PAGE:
The Hit (1984)
March 26, 2016 10:55 AM - Subscribe

Two hit men pick up ex-gangster Willie to escort him back to Paris to face his betrayed colleagues. The road trip suffers from complications.

outofthegutteronline: Stephen Frears directs from Peter Prince's dynamite screenplay. Terence Stamp plays Willie Parker, a British gangster turned government snitch, hiding out in the Spanish countryside for the last ten years. With his old boss out of jail, Parker is nabbed by a hitman and his sidekick - Braddock (John Hurt) and Myron (Tim Roth), respectively - who are tasked with driving Parker cross country and into France, where he will face his mob fate.

On the way, Parker exhibits an indifferent, cheery demeanor, welcoming the ride. Myron is the newbie, who talks too much and is quick to boil his own blood. Braddock is the veteran assassin - few words and even fewer expressions.

NYTimes: Why the mob wouldn't be satisfied with a simple little assassination in the Spanish countryside is never credible. But then this is not a movie about the revenge murder itself. It's about all the things that can go wrong as Braddock and his assistant, Myron (Tim Roth), a character Elisha Cook Jr. once might have played, attempt to drive Willie the length of Spain to the French border in a stolen Mercedes.

WaPo: The film is like "Das Boot" in a car, as the four cross the dusty Spanish landscape, confined in superb dramatic fashion to work out their various circumstances.

LATimes: We think we know the equation instantly: How long will it take one bright, unarmed criminal to outwit two smart-to-stupid ones? Right. And not right. Frears, with novelist-screenwriter Peter Prince, turns it into something more: unmatched suspense with the inexorability of myth, a beautiful (and bloody) rumination upon living and dying.

Criminal Element: From the moment Braddock and Myron grab him, Willie Parker displays no anxiety whatsoever about his imminent death, and he's the calmest, most agreeable prisoner possible. He chats about all manner of things with them—why he grassed, his decade in Spain, his take on life in general—and he obligingly serves as translator between the two of them and the Spanish woman. Through everything that happens, though certain he will die when they reach Paris, he displays a Zen-like tranquility that neither of his captors understands. He's clearly not a man who wants to die—he enjoys books and conversation and the majesty of waterfalls too much for that—but the prospect of dying is neither here nor there to him. He seems to be the embodiment of the Hemingway mantra “grace under pressure,” and indeed, there's no question that Ernest Hemingway's “The Killers” is the story that most comes to mind as a literary influence.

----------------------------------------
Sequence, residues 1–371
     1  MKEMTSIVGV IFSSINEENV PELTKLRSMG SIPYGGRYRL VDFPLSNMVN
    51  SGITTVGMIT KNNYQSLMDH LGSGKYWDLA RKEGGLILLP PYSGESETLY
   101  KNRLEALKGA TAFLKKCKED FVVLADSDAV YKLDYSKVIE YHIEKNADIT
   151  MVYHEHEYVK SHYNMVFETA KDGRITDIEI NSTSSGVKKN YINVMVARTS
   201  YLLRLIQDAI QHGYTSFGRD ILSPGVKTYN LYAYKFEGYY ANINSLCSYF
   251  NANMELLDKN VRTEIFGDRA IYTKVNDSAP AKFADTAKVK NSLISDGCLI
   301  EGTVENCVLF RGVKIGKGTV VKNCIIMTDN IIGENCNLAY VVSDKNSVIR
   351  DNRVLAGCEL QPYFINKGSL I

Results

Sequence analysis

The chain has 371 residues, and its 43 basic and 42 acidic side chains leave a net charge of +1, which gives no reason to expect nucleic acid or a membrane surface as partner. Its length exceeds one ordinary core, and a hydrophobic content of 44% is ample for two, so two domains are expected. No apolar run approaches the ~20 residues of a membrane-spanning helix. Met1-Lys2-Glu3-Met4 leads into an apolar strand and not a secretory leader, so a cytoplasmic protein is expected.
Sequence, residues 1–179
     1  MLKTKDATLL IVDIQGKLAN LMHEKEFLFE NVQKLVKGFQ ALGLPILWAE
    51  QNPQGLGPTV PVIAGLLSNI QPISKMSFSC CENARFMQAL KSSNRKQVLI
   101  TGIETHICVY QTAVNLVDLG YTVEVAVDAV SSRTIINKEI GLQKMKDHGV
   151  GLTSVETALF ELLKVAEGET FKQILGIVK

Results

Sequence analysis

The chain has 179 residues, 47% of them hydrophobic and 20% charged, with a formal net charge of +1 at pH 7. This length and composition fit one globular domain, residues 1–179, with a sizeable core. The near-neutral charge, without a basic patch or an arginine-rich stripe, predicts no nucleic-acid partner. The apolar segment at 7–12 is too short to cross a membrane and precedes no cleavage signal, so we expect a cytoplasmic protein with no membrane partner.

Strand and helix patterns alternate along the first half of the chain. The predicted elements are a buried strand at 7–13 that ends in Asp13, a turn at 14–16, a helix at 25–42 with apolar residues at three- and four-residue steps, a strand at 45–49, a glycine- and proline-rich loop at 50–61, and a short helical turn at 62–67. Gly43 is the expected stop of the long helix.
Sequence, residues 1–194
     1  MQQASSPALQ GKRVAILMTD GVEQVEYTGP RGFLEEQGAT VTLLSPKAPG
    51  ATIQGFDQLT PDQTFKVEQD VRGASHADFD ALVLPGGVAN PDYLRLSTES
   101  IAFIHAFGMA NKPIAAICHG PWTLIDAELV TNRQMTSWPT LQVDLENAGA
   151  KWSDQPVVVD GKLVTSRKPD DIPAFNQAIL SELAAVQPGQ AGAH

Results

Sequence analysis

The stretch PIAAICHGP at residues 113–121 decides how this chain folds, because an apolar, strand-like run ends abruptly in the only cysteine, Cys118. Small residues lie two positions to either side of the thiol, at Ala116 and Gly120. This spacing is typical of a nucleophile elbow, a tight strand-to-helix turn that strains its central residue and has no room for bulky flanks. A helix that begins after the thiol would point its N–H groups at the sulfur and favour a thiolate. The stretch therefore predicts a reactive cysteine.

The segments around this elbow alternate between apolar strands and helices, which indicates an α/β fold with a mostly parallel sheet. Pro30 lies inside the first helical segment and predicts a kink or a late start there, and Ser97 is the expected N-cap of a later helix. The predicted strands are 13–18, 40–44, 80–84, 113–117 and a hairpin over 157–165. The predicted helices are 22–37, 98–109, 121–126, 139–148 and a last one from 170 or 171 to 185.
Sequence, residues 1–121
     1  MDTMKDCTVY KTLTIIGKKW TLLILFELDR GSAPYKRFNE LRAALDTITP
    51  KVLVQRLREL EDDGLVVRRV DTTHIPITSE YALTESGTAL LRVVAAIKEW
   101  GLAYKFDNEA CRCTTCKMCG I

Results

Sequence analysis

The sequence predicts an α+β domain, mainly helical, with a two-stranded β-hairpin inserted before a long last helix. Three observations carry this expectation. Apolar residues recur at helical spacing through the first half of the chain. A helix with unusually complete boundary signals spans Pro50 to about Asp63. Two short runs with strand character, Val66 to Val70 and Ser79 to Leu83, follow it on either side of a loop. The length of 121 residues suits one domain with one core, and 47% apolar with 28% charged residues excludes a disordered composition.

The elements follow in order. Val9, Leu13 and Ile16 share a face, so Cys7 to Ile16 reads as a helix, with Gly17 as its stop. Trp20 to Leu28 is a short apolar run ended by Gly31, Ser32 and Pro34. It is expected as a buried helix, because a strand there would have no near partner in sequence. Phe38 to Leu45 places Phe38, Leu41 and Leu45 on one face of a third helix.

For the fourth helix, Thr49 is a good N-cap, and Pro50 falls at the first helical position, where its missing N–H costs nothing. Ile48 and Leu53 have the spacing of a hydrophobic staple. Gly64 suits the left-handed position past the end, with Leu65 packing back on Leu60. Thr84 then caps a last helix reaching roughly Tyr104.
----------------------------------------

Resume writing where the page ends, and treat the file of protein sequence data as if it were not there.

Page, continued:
Daily Grindhouse

Trailer
posted by MoonOrb (2 comments total)
 
A few days ago I did a FanFare post on The Last Detail, and I had not thought of these two movies as being similar despite sharing the basic "road trip with a condemned man" plot. But now I'd like to watch them back-to-back and have a think about the way the various characters deal with the impending certainty of the fates of the characters played by Terence Stamp and Randy Quaid, respectively.
posted by MoonOrb at 1:27 PM on April 4, 2016


One thing that's always fascinated me about this is Stamp's character's sudden shift from stoic acceptance to utter panic. I buy it completely, but what causes it? Is he dropping the mask of calm he's been wearing the entire time? Is it just his proximity to death that brings it on? Are we even supposed to have a solid answer?
posted by ODiV at 2:01 PM on April 4, 2016


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